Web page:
is clapping again. I am bowing in the bathroom. This is ridiculous.
clapping began last winter with a few routine slaps at twilight.
Clap, smack, as the crow flies then lands for a last repose on the
high voltage wire. This is where they gather for happy hour. The
black-to-black lineup on cable. I call it crow time, when I used
to take the dog out before cancer stole her from me.
Yesterday, I counted twenty but only one sits on the top spot, where
the thick wire winds around a regulator knob, causing the enforcer
to begin the clap. Humidity and heat are suddenly thick as summer
reinvents itself. I drag burning air from my beloved Canadian cigarette.
The clapper warned me to quit and I'm scared that I don't. She has
emphysema and got addicted to her oxygen tank. It was around this
time the clapping business started.
is clapping in her robe. She claps in sweaters. The crow looks down
and cocks his head. I meet his eye from my backyard and pat the
air indicating he should just stay put. Don't try to understand
the claptrap I try to tell him.
ten feet away from an old woman who's clapping all day and she's
picking up the pace. This is how I know she's still alive. I can
tell by the essence of the clap if she's spry or wilted. I've concluded
this is her main exercise, this incendiary heckling, because she
does nothing else but polish brass, water flowers and watch C-Span.
Her daughter visits once a week, the oxygen man delivers monthly.
She has plumbing problems too.
crows come and the clapping is steadily increasing my annoyance
level. It's long ceased to amuse me.
used to be cordial and sit on the stoop talking about geraniums
while she gave the dog treats, but she rarely leaves her house now.
She's become more fearful and persnickified, often oddly accusatory
and unsatisfied with gestures of good will. It makes people turn
away. We used to like each other.
crows and doves in training are busy too. I buy more birdseed. They
linger longer with the advent of all the fledglings, (and, yes,
I know because the mighty clapper makes the announcements).
isn't missing a beat, three maybe four or even five or more times
a day now. The rhythm is commanding and deliberate like communists
at a party meeting: slapdash and harsh. It's nothing like applause.
afraid a bird will somehow spark an electrical outage. And. Pop,
sizzle, kaboom. She must be highly concerned. Highly concerned.
Did she see this on TV?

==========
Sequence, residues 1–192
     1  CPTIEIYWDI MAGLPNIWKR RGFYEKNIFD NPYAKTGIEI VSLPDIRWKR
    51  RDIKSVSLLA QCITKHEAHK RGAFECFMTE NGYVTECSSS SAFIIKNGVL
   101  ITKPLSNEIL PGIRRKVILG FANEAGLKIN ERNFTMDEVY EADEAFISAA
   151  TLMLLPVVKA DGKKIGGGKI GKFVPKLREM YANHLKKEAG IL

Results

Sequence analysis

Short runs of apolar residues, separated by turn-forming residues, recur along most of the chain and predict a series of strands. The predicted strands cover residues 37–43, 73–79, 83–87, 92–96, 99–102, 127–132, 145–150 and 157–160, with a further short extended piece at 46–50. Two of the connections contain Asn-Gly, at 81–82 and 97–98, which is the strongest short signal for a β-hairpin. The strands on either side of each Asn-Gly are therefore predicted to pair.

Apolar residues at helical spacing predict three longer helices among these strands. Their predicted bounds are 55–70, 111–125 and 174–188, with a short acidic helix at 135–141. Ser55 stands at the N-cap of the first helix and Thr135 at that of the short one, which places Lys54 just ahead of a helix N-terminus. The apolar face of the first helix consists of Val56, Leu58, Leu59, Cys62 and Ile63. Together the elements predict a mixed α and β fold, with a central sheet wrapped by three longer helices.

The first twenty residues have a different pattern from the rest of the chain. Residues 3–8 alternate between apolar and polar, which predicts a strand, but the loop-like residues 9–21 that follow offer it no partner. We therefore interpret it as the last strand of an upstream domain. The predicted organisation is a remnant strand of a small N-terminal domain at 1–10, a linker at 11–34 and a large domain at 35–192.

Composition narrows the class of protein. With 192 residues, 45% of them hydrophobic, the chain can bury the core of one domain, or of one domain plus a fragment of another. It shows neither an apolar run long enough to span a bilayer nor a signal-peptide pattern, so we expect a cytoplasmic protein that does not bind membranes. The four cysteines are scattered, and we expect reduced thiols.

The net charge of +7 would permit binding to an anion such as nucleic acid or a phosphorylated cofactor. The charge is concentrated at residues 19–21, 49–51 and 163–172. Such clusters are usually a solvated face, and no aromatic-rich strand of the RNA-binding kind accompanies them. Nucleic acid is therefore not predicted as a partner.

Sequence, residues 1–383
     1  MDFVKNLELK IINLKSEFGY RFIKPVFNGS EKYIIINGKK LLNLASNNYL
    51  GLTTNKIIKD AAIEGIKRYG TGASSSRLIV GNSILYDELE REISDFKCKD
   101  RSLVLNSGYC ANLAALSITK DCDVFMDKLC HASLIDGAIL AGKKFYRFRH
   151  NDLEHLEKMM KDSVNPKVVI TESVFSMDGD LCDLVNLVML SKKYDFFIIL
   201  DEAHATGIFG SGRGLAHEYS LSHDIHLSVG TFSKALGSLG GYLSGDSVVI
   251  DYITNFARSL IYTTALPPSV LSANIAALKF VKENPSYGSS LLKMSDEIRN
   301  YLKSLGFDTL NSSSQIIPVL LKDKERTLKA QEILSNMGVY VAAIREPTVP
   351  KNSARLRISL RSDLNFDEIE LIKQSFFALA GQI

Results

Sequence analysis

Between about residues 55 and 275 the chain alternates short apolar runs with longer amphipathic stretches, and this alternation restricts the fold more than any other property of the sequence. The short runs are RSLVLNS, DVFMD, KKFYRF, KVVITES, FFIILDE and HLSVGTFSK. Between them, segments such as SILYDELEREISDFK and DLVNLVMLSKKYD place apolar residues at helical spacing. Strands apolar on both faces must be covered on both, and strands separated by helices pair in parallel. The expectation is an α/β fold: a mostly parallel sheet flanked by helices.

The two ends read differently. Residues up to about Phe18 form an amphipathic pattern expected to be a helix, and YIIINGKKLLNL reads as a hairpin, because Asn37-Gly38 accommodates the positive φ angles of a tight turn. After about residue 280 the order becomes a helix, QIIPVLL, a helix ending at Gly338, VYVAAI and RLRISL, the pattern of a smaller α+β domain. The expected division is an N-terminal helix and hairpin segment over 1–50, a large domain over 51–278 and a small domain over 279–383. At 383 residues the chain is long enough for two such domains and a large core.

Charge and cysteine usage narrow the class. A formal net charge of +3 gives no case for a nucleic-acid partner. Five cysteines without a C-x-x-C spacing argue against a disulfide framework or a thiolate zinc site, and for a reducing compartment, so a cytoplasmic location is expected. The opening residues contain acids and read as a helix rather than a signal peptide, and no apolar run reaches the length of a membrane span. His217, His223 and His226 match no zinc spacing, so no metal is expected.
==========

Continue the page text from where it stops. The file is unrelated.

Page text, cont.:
clap is to gesture approval. What she doesn't know about it! I have
never approved. From the first time it made me bristle because birds
are all I have right now. I need them here. I'm not alone when they're
poking and flittering and having bumbling sex and singing. I feel
I must defend the territory against this pesky, clap-happy invasion.
how to quell the action? Attempt some Pavlovian diversion tactic?
Throw lemons over the fence; dare to join in for clap-a-long? I'm
afraid for our mental health. I don't want to battle dementia AND
obsession. It's stressful enough, the incessant delivery so deft
by a tiny bird-woman attached to an oxygen tube.
we all admit the clap is of no consequence for the crows? She'd
have to agree.
it a good time to talk, ah, about the constant clapping, I mean,
is it working for you?"
I could get a BB gun and fire warning shots.
I worry it'll get worse before it gets better for both our sakes.
It does seem to be getting worse. The days are longer and the clap
extends until the final crow fades to black. What if she has some
clap-attack and can't stop? Who do you dial?
on. Dear God. Clap off. Dear God. The dear clapper has tried out
a new tactic that I'm hoping is a one-time occurrence. I heard the
initial clap and said to my husband, "See. Hear that?"
Then, we looked while the neighbor, who must have struggled with
the garden hose on full-power, sprayed shooting water up into the
sky as close to the high voltage box as she could get. This is probably
a bad idea. But the crows did finally fly off, to across the street
where the portrait painter throws them peanuts from his front door.
my lowest point I wonder if she is fully aware I am on the verge
of retaliation, yet she continues the diligent encores. Would she
conspire to make my head spin with all these delusional notions
of countering the strikes, and actually, not only, take pleasure
but perhaps, hope to offend? Deep down, I know she is stuck in her
own small world. She would be mortified to find out how annoyed
and alarmed and tired I am. I also know she misses my dog. Probably
misses our visits. I just want everybody to find relief. It must
be awful being scared all the time. I hope to be like the other
old lady who feeds the hummingbirds high-powered sugar water and
lets them dart around her head. Dizzy and joyful. Please, please
don't worry about an electrical outage. Don't fret about not being
able to breathe. I'm sorry you worry so. Everything will be all
right. It must be tough when the end is near. Let's sit on the stoop
and talk about roses.
it only yesterday I took a bow? The grand bow in a fine tempo to
the first clapping of the day, I wasn't fully awake, but it did
give relief. It must have been an auto-response. Maybe this is the
key, to get in sync with it. The bow made it absurd (good), albeit
in a Fellini-esque sort of way. I must keep this in mind, at least
theoretically. Use it when the going gets tough. Take the bow. Relish
the applause. Because one day I'll worry about not hearing a sound.
version for easy reading
material is copyrighted and cannot be reproduced without permission|